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Agronomy Day 2009

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Tour B

Planning ahead: possible insect pests of switchgrass, Miscanthus, and other biofuel crops

Jarrad R. Prasifka Jeff Bradshaw
Jarrad R. Prasifka & Jeff Bradshaw
Post Doctoral Research Associates
Energy Biosciences Institute
(217) 333-7052
prasifka@illinois.edu, jbradsha@illinois.edu

Growing conventional crops like corn and soybeans for production of alternative fuels, namely ethanol and biodiesel, is an established market opportunity for growers. However, perennial grasses like switchgrass and Miscanthus are also being considered as more sustainable options to produce bioenergy (ethanol and electric power). As part of the effort to understand how to best grow and manage perennial grasses, the Energy Biosciences Institute at the University of Illinois is exploring the potential pests (insects, plant pathogens, nematodes) that growers may need to monitor and manage if production of perennial grasses expands in the next few years.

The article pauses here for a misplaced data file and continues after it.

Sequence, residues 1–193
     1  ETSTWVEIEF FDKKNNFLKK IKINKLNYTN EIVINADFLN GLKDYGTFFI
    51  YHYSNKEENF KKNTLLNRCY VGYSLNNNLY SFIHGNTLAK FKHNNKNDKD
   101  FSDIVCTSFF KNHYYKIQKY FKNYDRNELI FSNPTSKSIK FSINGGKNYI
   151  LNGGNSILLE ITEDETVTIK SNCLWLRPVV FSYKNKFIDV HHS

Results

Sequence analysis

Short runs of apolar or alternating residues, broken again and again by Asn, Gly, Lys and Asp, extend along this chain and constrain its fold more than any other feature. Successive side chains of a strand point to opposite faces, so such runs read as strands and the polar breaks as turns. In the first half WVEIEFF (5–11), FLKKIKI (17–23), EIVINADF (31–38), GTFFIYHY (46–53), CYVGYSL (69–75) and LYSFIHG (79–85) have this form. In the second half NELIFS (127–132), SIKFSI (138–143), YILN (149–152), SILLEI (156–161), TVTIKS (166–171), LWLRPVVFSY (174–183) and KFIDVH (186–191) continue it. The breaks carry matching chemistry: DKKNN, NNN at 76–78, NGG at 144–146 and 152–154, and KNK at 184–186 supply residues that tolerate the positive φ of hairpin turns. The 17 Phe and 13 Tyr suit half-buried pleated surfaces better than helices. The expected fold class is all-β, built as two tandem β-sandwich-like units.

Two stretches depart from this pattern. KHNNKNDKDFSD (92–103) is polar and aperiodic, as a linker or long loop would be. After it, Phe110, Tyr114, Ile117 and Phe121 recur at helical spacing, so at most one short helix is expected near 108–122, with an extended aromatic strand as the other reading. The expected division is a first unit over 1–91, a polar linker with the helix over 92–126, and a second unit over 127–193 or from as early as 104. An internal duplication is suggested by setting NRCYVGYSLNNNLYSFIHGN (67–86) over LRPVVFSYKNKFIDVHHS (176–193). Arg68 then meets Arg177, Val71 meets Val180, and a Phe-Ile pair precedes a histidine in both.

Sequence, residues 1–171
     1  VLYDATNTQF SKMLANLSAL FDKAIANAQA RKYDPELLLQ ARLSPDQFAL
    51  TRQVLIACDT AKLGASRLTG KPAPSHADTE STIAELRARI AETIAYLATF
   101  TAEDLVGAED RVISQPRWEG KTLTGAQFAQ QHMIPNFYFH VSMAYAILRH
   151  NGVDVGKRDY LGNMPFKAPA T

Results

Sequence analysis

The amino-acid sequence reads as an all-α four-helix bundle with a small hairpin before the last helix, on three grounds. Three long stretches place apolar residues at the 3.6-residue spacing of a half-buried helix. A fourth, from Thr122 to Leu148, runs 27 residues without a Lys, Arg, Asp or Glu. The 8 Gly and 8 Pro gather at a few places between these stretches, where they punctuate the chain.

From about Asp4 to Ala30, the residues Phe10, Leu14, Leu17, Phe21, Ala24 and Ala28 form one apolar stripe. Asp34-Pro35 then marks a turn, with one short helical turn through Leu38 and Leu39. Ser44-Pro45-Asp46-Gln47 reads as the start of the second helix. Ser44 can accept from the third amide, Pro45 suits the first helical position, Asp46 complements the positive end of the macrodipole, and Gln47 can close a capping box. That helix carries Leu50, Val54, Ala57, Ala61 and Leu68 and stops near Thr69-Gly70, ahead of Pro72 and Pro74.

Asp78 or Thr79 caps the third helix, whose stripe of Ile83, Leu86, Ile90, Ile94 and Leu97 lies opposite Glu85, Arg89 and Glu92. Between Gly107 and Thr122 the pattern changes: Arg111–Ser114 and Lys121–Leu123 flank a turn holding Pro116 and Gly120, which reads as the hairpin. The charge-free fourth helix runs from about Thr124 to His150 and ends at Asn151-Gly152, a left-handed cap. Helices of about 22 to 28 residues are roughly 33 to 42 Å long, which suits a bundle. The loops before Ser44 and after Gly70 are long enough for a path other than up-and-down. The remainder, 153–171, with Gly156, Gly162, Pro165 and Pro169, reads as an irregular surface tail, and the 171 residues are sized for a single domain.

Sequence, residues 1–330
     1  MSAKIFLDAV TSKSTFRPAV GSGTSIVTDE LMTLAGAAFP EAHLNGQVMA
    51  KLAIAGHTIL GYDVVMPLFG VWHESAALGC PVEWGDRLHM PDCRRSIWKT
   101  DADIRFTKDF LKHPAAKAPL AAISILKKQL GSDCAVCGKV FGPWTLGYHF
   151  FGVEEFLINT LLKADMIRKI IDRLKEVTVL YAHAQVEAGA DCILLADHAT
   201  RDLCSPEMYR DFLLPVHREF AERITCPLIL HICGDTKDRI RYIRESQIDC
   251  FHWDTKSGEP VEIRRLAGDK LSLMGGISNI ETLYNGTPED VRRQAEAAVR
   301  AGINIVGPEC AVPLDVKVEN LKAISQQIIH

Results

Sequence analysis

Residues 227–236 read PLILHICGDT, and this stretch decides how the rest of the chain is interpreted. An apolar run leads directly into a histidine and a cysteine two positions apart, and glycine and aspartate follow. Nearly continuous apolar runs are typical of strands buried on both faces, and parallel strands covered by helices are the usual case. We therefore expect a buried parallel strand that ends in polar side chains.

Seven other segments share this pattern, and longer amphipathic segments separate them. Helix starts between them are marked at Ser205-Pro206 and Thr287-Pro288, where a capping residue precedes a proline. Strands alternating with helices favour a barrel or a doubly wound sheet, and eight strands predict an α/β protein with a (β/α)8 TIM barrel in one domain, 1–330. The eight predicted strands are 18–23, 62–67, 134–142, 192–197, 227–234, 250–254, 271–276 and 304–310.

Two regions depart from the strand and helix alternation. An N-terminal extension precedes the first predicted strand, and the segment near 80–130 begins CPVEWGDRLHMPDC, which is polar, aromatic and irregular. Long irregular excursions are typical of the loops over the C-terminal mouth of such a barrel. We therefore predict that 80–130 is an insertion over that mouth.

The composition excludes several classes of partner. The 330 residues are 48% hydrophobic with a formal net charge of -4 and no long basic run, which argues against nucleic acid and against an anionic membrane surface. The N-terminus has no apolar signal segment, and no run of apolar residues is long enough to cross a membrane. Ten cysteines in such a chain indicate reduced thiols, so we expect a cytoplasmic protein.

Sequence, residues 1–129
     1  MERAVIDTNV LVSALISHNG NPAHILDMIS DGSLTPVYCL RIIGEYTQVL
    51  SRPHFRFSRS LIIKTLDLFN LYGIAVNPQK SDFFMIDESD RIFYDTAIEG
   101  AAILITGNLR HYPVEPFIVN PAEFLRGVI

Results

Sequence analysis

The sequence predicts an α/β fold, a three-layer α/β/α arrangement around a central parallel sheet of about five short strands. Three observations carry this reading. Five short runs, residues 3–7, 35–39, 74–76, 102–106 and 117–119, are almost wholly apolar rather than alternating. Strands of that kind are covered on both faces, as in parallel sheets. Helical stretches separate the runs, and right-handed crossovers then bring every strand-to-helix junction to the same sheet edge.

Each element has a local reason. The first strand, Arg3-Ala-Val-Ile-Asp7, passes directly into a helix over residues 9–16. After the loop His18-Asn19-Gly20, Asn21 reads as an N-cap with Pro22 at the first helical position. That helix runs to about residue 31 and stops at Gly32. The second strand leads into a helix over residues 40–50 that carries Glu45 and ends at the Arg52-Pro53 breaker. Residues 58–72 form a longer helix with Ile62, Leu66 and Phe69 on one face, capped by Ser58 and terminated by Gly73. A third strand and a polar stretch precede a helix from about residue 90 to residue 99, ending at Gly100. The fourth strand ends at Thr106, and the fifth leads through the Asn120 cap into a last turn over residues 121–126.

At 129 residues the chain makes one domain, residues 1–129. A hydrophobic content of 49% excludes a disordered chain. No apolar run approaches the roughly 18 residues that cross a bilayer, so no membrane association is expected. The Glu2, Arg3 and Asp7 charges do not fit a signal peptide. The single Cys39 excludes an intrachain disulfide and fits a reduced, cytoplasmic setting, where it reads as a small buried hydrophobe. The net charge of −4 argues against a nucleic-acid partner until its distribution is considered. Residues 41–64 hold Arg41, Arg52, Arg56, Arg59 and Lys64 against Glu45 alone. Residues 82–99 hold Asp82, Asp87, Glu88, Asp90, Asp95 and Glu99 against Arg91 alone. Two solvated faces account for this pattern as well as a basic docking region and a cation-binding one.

In some media outlets, especially on the internet, information available suggests that perennial grasses will be invulnerable to insect pests. This is most often implied for Miscanthus, which could have fewer pests because the grass is not native to the United States. However, with the evolution of established insects and accidental movement of other pests, plants that seem relatively pest-free tend not to stay that way. Recent examples of changing pest situations in the Midwest include the variant corn rootworm and the soybean aphid.

aphid, armyworm, and tiller injury

change and challenge